Enduring power of attorney

We decide on matters about enduring powers of attorney.

An enduring power of attorney gives the attorney the right to make some kinds of decisions on behalf of someone else. The power of attorney stays in place even if the person who appointed the attorney stops being able to make their own decisions.

Definitions of principal and attorney

The principal is the person who has appointed an attorney to act on their behalf.

The attorney is the person appointed to act on behalf of the principal.

For example with an enduring power of attorney, if you are the principal, that means you have appointed an attorney to act on your behalf. You have given them enduring power of attorney.

The Office of the Public Advocate has more information about how to make powers of attorney.

What we can do

VCAT can hear and decide applications about:

  • an attorney's power under the enduring power of attorney
  • whether the power is valid
  • cancelling (revoking) or suspending the enduring power of attorney
  • varying the enduring power by revoking the appointment of one attorney
  • auditing accounts or other documents
  • compensating the principal for a loss caused by the attorney.

Before you apply

If you apply to revoke the appointment of an attorney you must provide VCAT with a report from a doctor who has assessed the principal and found that person to have lost the capacity to make a decision. Once the principal has lost decision-making capacity, only VCAT can revoke the enduring power of attorney. You must also be able to show that the appointed attorney is not complying with their roles as defined in the Powers of Attorney Act 2014.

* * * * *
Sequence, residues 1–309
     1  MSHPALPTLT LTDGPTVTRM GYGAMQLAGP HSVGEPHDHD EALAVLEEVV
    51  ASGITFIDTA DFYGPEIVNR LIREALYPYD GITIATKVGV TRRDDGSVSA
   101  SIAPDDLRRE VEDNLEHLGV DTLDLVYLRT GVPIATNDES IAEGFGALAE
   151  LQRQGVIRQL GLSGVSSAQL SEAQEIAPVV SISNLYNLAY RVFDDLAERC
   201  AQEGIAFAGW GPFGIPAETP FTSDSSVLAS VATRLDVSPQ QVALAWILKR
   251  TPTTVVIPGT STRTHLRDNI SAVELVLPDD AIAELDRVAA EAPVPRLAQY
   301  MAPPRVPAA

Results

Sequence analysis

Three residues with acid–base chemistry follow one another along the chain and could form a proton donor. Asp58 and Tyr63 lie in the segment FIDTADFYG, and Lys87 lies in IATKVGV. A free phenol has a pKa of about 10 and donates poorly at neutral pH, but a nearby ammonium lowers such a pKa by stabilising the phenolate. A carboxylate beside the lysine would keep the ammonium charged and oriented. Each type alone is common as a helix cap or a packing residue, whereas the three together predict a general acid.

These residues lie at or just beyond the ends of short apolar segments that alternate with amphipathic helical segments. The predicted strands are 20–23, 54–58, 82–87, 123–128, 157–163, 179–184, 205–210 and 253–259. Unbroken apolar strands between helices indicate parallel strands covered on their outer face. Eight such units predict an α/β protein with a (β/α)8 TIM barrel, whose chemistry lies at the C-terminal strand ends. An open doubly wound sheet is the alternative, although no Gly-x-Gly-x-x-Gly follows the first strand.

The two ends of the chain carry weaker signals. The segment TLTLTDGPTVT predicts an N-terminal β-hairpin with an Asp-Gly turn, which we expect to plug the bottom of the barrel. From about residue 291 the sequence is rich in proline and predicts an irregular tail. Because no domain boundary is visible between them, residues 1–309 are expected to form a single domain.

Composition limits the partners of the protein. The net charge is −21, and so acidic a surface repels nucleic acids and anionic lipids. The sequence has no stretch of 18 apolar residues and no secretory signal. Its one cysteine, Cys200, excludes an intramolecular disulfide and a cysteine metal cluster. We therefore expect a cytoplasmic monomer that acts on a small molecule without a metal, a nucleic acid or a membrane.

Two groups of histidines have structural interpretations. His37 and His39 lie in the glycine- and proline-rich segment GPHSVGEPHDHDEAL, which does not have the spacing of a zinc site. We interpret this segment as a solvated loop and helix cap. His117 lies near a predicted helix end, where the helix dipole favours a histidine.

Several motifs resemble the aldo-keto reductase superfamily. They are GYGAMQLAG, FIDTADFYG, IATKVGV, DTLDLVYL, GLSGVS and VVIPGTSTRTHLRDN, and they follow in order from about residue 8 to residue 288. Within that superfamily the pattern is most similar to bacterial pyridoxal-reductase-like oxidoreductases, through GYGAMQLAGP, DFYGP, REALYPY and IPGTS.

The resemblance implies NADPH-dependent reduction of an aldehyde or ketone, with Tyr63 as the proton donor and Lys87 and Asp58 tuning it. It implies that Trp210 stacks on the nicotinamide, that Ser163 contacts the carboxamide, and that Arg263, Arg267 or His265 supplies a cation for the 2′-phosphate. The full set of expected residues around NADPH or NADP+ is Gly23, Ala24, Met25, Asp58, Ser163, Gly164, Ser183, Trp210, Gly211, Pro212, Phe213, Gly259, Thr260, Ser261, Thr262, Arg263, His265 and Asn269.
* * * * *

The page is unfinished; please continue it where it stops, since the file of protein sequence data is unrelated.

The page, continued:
You can apply to VCAT if you are the principal, the nearest relative of the principal, an attorney or supportive attorney under the enduring power of attorney, or someone who has a special interest in the affairs of the principal. Complete the application form, lodge it with VCAT and send a copy to all the people you named in the application form.

Fees

There are no application or hearing Definition The time and place at which VCAT hears the parties argue their case and makes a decision. fees.

Do I need a lawyer or professional representative?

You do not need to have legal or other professional representation to appear at VCAT. If you wish to be represented by a lawyer or a professional advocate, usually you must ask for VCAT's permission.

Find free or low-cost legal services that may be able to assist you.

Decide who pays the costs of representation

If you are an attorney who is a party Definition A person or organisation directly involved in a VCAT case, including a person or organisation that has brought the case before VCAT or who is defending claims made against them. to a power of attorney hearing at VCAT you may want to be represented by a lawyer. You must decide whether this is a cost you should pay personally or whether it is a reasonable expense that can be paid from the principal’s finances.

Need help with your application?

VCAT cannot give you legal advice. Seek legal help if you are unsure about your legal options. The following services may be able to help you:

Access and privacy

VCAT hearings and files are usually public.

VCAT has limited authority to restrict who can access cases and files but, in certain circumstances, you can apply for confidentiality. For more about applying for confidentiality.

Legislation that applies to this type of case